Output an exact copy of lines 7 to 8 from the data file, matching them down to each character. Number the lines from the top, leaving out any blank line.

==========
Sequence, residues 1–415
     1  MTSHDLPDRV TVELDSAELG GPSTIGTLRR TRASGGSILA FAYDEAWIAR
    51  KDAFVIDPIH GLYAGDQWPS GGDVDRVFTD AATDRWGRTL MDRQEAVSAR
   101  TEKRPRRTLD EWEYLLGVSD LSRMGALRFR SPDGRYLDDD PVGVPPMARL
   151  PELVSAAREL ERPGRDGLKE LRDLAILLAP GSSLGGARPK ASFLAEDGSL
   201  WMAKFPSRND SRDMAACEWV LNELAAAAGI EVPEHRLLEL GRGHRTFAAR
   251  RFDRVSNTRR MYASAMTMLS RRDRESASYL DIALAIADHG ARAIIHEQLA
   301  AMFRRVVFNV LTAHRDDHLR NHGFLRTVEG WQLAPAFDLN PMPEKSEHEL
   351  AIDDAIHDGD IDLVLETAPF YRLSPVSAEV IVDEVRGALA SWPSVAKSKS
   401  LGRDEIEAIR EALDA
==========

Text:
   251  RFDRVSNTRR MYASAMTMLS RRDRESASYL DIALAIADHG ARAIIHEQLA
   301  AMFRRVVFNV LTAHRDDHLR NHGFLRTVEG WQLAPAFDLN PMPEKSEHEL